Monday, October 12, 2009

The Ever-Increasing Flock

I couldn't believe my eyes.   On the church program yesterday, there was his name.  It had to be him.  How many names in the church could there be like his?  Not many, for sure, since his dad was a Dutch immigrant.  You've seen the Dutch names.  But anyway,  there he was in my nephew's ward.  We were visiting Craig and Lee-Ann since they were blessing their baby.

I taught this guy about fifteen years ago at Brighton High School in an LDS Seminary class.  Let me hasten to say I really did like him.  He was funny, for one thing, which always wins points with me.  But he did have ear piercings that you could see daylight through like the one to the right only not quite so huge.  And if you know what a "straight-edge" is, he was one of those.

The other kids really liked him too, I think, but they did cut him a wide berth since he was a little scary to them.

But there he was in church, with his cute wife and two little sons, saying the closing prayer, and looking smaller than I remember, I might add.  I hustled over to talk to him after the meeting and asked if he remembered me, and he did, though he said that was surprising since he didn't remember that many people from back then.  He was totally charming, too.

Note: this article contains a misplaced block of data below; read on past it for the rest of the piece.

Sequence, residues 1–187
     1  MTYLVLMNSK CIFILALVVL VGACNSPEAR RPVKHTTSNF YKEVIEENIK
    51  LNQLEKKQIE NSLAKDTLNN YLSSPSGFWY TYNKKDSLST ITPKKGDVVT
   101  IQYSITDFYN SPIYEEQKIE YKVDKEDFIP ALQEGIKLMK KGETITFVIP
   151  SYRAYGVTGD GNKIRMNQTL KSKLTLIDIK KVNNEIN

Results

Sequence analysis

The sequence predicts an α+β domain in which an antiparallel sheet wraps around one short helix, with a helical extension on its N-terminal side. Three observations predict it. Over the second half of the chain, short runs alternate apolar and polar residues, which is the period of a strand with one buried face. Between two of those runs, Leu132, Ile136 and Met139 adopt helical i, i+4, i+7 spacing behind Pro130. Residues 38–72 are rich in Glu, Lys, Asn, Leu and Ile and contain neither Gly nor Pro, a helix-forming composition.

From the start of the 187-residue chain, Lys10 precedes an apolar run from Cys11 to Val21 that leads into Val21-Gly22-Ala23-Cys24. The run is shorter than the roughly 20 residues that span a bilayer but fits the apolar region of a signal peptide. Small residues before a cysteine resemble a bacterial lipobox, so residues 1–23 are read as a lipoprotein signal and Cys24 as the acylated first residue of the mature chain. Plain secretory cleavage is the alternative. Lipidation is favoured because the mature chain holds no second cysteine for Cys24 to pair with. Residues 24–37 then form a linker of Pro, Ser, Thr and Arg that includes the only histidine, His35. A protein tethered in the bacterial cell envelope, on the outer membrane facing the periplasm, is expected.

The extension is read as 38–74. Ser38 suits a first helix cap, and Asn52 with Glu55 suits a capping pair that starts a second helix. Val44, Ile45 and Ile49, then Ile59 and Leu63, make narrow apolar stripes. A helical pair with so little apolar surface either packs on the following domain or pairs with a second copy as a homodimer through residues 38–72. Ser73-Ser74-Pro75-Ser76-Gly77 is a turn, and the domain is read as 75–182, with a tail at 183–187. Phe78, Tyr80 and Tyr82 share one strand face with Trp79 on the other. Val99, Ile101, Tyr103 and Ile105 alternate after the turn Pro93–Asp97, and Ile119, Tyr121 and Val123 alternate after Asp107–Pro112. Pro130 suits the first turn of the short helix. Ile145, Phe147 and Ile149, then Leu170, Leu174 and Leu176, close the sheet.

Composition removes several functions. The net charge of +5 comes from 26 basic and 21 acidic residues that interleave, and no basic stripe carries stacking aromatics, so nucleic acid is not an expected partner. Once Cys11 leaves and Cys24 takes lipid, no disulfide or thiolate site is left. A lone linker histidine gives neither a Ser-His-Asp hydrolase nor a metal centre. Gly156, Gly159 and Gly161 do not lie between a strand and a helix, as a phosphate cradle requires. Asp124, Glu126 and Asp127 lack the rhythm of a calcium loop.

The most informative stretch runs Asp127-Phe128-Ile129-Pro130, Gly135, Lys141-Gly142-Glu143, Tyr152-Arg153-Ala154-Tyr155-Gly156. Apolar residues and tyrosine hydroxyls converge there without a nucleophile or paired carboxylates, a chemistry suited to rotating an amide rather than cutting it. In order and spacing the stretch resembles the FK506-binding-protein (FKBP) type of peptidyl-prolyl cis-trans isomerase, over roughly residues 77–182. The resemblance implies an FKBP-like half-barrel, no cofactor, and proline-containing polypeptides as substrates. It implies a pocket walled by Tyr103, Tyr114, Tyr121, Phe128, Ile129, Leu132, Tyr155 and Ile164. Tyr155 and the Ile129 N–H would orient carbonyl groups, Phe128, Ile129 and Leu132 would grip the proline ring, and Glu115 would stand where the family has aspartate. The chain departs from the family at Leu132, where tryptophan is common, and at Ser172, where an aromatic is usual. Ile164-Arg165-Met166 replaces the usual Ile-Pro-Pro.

But I wasn't surprised to see him there.  I've seen it enough times before.  The first times were from my own high school days when kids, as goofy in their own ways as he was in his, turned things around and went on missions for the church and turned out to be great parents, adults and Sunday-go-to-meeting-Mormons.

But as a teacher, many former students were kind of disappointed when I was not too terribly surprised they turned out to be decent people too.  But it really happens far more often than it doesn't.  Sure, there are those poor souls who spend a lot of their lives wandering about aimlessly, or worse.

But most turn out to be quite commendable folks.  And I suspect that even those who do appear to be in trouble at any given time are still not dead, and it's not over till it's over.  The Good Shepherd does not lose his sheep and they were his long before they were ours.

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